“Hard to say.” I admitted. “I never liked her much. She talks too much.”
“Did you notice how the guy with the telephone on his leg keep trying to talk to her?” Joan asked. “And why is he wearing that weird suit?”
“It’s polyester and he’s a phone knee.”
Joan laughed hard at that, and I liked her. I noticed Terry was watching so I eased a hand around Joan’s waist. “If I push you away right now you can never come back to one of her parties again, you know.” Joan said.
“If you’ll laugh like that at the phone knee joke you aren’t interested in pushing me away.” I said, and I held my breath a little.
“You’re right, Eli.” Joan leaned over to me and kissed me on the cheek. “So let’s scandalize the party and leave together. “
“Where to?”
“Your place.”

She helped me take the robot parts off and put them in the truck of the car, and we headed out to my house. I live out in the sticks, but that didn’t seem to bother her at all. She didn’t have a purse, or any accessories like most women do. And we talked for hours in the front yard where all the stars are. I went in and got a blanket and we lay on our backs and held hands. She knew all the constellations, and knew the names of many of the stars, and I could see the shadow of her hand as it flitted back and forth between light years of space between stars and star and stars. The sun was coming up so we went inside and she let me undress her.
We spent the next day talking, and she wanted to see my writings, and it occurred to me that she hadn’t said anything about having to get home, or where she was from, or how she knew Terry. She deflected a couple of questions, and I could tell after the third or fourth try she was getting irritated. What to do? A woman twelve years younger than I, willing to spend the rest of Halloween weekend with me, and no questions asked? Yeah, as curious as I was, I didn’t want to push her away. Saturday night turned into Sunday morning, and after dinner on Sunday she went to take a shower.
“Who do you think is really hot, Eli?” Joan asked me from the shower. “Any woman, at any time.”
“Marilyn ” I said. “She still does it for me. Why?”
Joan didn’t answer. I waited for her to say something, anything at all, but there was only the sound of the shower running. I waited for a little while then went to check on her, did me liking Marilyn make her mad? But Joan was gone. The floor was dry, the windows where still shut and all the towels still hung on the rack. But Joan wasn’t there. I called her name but she was totally gone. There wasn’t a sign of her anywhere. I went outside and no one was there either. I was left alone under a sea of stars, and I had no idea if Joan had ever existed at all.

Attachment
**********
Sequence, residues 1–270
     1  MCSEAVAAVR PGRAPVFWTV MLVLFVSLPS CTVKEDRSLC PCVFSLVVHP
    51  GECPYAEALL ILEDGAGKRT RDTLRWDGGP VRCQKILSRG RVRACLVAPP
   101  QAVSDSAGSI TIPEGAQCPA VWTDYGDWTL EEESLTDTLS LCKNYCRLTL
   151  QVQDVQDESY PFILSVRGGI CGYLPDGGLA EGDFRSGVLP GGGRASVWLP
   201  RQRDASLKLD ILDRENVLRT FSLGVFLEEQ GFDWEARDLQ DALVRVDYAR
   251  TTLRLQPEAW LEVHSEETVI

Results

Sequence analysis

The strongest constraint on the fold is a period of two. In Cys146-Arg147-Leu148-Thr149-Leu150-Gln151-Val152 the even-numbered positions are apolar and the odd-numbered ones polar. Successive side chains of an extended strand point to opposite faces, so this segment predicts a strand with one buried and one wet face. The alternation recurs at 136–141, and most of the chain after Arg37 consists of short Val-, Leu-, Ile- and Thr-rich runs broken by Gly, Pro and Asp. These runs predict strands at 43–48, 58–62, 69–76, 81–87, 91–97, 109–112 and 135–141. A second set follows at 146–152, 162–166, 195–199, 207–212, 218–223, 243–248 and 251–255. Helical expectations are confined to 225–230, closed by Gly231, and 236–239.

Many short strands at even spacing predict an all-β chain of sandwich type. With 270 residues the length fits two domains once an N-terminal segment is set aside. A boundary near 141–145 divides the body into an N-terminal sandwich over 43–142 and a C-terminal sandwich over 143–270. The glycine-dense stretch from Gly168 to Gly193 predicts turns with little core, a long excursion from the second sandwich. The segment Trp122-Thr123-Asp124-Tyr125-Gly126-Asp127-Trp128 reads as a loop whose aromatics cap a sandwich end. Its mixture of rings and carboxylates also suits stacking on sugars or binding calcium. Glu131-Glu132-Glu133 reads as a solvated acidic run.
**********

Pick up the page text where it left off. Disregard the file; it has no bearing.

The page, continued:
The nest couple of weeks were really odd. Terry called me and asked me who my new girlfriend was, and I told her Joan and I had spent the weekend together and then she had left. I didn’t try to explain Joan seemed to have escaped down the shower drain while I wasn’t watching, but several people had videos up. Joan had existed. I had not dreamed her. I felt as if Joan and I had connected, really connected, but now she was gone, and all I had left was someone’s video of her almost walking into the camera lens. Ron’s DVD player recorded a brief flash of Joan as she began to speak to me, but the recording stopped when I took the helmet off. I printed out a picture of her, and hung it over my computer. By New Year’s Eve I decided I wouldn’t see her again, but I kept the photo anyway. Terry and I had lunch together, a week before Valentine’s Day, and I knew why. No, I hadn’t seen that girl again, and congratulations.

Honestly, I couldn’t forget her. Each night I would step out into the yard and look up at the stars and wonder where Joan. No one at the party had known her, or where she came from. Everyone seemed to think we were a great couple, and I thought it too. But Summer came and went, deadlines had to be met, the bills had to be paid, Terry got engaged to Norman, they split up, reengaged, and by the time the end of October was creeping up on me, Terry sent an invitation to the party.

Ron and Debra rebooted the robots and they looked great. Norman was a knight again, and Terry went this time as an angel complete with wings that flapped by themselves. I went as Elvis. I never liked him much; I thought he was overweight, over rated, and over dosed, but I saw an Elvis suit online cheap and had to do it. It came with an Elvis wig with glue down sideburns, I mean, how could I resist? The party was in full swing when I arrived. I wondered how long it would be before Terry started showing. She wasn’t drinking and that wasn’t like her at all. Norman went to a lot of trouble to be nice to me, and I was really very touched by it. He seemed to go out of his way to make Terry happy and it made me feel good to think she had given him some sign our friendship meant something to her.
“Hello Eli,” a woman said, “it’s good to see you again.”
I turned around and there was someone who looked a lot like Marilyn Monroe.

con't Halloween!